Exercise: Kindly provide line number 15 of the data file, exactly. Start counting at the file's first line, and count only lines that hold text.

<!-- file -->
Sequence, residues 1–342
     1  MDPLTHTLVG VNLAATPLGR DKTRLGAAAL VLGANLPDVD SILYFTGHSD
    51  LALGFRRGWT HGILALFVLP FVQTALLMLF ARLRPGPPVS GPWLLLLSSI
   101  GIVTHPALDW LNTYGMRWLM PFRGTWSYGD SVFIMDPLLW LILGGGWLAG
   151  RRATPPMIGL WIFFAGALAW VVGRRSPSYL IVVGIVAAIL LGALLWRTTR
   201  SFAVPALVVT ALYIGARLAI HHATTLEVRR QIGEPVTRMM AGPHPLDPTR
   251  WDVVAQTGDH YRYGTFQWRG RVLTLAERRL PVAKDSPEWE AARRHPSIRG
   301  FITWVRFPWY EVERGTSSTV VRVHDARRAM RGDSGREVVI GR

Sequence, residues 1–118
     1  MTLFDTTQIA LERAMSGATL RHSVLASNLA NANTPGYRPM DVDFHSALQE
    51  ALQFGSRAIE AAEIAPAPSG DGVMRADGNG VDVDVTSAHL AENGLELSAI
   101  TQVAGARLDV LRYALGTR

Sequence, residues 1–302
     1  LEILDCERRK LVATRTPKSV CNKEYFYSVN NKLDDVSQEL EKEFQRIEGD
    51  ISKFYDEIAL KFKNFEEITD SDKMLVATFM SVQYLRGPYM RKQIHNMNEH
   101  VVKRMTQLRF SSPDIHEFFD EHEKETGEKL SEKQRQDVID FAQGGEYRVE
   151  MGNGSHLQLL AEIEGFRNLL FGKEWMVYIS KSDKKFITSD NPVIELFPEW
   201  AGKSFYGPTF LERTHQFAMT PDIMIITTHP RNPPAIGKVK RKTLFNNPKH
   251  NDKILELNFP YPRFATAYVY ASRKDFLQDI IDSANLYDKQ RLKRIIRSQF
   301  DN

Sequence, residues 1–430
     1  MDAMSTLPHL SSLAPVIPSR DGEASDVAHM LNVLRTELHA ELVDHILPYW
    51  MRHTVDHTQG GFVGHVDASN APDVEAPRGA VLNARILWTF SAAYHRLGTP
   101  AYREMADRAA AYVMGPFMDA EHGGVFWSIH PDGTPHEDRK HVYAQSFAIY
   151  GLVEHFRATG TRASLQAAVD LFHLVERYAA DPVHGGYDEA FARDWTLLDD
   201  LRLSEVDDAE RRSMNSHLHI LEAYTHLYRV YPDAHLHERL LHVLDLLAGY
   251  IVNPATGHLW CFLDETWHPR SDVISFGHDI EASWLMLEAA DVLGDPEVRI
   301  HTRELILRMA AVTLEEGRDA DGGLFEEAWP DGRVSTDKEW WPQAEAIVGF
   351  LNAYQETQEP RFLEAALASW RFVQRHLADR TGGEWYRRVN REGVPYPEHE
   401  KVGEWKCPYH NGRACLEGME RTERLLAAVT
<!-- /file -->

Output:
    51  ISKFYDEIAL KFKNFEEITD SDKMLVATFM SVQYLRGPYM RKQIHNMNEH